It’s alive! Really…

February 18th, 2008  

First, the excuses…

So much for good intentions.

You might have noticed that things came to an abrupt halt. (Perhaps both of you did.) Right at the end of November, our car died. Literally. It happened right in front of the place where we always took it for repairs. It had been there so often in the prior month or so that I think it just decided it wanted to stay there. So it did.

Anyway, replacing the car became a full time occupation for most of December. On top of that, other priorities arose and the result was no time for Trax updates. Howzit’s visit to Mississauga also went into stasis, a state from which it has yet to emerge. I’ve been promised that it will happen, so please be patient.

Book news

University of Hawaii Press has provided us with a book production timeline. If all goes well, the book should be in stores sometime in September. Right now it’s in the layout stage. We expect to get galley proofs for review in March. We can’t wait, because it will be the first time we actually get some idea of what it will look like in print. Once we’ve seen it, I’ll post our reactions here.

Maui in winter

Yes, we were on Maui for four weeks. I had intended to post weekly updates, honest I did. Events conspired against me, however.

One of us (I won’t say who but her initials are Ursula) decided that it would be a Good Idea to take only one laptop. Well, after all was said and done, the results were mixed. Since our computer usage had to be serialized, something had to give–well actually, several things, and posting weekly updates was one of them.


Maui in wintertime is… odd. We weren’t used to the sun setting behind Lanai. The angle was all wrong and kept us a bit disoriented the whole time we were there.

Our first Maui sunset for 2008


 Our first Maui sunset for 2008 looked alien to us. That’s Lanai, but we couldn’t help feeling that it should be Molokai.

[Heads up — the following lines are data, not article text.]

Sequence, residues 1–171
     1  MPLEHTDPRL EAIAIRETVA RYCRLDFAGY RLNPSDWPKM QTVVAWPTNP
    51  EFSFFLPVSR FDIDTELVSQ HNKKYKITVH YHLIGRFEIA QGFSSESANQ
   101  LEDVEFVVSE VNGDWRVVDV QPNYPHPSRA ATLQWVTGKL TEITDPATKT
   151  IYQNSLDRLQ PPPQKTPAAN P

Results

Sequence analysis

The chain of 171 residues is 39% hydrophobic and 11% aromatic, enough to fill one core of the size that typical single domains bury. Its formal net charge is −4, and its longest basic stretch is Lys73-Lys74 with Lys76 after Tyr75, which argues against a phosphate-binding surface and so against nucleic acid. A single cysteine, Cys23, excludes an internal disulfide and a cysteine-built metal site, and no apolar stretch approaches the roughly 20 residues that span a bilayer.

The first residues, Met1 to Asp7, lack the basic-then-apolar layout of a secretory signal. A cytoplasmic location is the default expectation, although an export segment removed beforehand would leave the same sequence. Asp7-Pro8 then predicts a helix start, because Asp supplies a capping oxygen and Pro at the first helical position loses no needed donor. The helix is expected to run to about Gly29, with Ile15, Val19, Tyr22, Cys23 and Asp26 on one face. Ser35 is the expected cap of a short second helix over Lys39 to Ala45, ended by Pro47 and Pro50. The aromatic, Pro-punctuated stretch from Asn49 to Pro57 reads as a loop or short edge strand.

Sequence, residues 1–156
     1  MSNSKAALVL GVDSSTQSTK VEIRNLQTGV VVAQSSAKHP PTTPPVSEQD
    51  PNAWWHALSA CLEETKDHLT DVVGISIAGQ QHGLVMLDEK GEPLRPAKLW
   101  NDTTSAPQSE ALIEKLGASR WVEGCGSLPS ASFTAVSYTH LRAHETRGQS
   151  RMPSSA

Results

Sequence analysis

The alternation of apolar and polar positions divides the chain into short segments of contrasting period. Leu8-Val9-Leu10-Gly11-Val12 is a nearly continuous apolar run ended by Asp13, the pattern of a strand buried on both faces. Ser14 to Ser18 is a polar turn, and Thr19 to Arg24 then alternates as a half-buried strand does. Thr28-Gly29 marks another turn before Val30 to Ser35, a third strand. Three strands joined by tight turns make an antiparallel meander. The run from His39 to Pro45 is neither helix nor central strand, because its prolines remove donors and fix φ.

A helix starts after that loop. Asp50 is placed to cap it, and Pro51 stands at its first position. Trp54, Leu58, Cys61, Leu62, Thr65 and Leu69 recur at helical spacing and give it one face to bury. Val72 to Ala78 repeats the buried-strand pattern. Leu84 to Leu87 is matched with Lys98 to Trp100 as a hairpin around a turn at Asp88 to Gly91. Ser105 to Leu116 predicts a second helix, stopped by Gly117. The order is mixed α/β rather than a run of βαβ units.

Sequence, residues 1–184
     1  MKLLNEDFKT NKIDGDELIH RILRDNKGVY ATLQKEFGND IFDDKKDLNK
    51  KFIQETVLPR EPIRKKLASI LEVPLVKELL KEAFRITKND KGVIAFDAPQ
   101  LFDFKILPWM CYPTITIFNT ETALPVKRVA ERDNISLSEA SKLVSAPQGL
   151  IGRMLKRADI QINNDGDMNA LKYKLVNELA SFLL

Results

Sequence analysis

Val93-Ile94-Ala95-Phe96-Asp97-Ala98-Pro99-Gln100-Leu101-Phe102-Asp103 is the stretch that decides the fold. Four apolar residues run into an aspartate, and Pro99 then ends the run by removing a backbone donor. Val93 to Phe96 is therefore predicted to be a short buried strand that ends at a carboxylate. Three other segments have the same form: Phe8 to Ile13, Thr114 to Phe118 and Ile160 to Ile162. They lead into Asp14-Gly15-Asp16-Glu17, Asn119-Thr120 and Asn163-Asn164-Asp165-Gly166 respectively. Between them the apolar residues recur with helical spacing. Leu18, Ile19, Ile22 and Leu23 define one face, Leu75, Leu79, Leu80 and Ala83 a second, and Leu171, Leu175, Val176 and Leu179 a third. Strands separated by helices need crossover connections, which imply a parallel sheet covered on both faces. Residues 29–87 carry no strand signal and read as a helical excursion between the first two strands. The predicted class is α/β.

Click image to enlarge


Maui’s mountains in summer are red and brown. In winter, they are a lush green with a little red showing. Same with Lania and Molokai. Beautiful but strange to us. We’d always wondered if the dry brown grasses of summer ever turned green. Well, they do, and it’s wonderful to see, but it doesn’t last long. They were green when we arrived but by the end of January, when we were about to leave, everything had begun to turn yellow and was starting to go dormant for the summer. It reminded me of the brief but spectacular wildflower bloom you see for about three weeks in late June and early July in northern Newfoundland and Labrador. Oddly, the north’s bloom is far more colourful than Hawaii’s winter greening, but then for the rest of the year the positions are reversed: Hawaii is spectacularly colourful and northern Newfoundland and Labrador is, well, kind of drab.

It was also cooler than we’re used to on Maui. Mind you, we weren’t bundled up in sweaters and jackets like the locals, but we did notice that it wasn’t as warm as it is in the summer. Especially the pool. That sucker isn’t heated. In the summer, it gets a lot of sun and is usually pleasantly warm. In the winter, the sun doesn’t shine on it much and while the water temperature would be just fine on a summer’s day in Mississauga, it’s not exactly what you’d like on Maui at any time. Maui is supposed to be warm.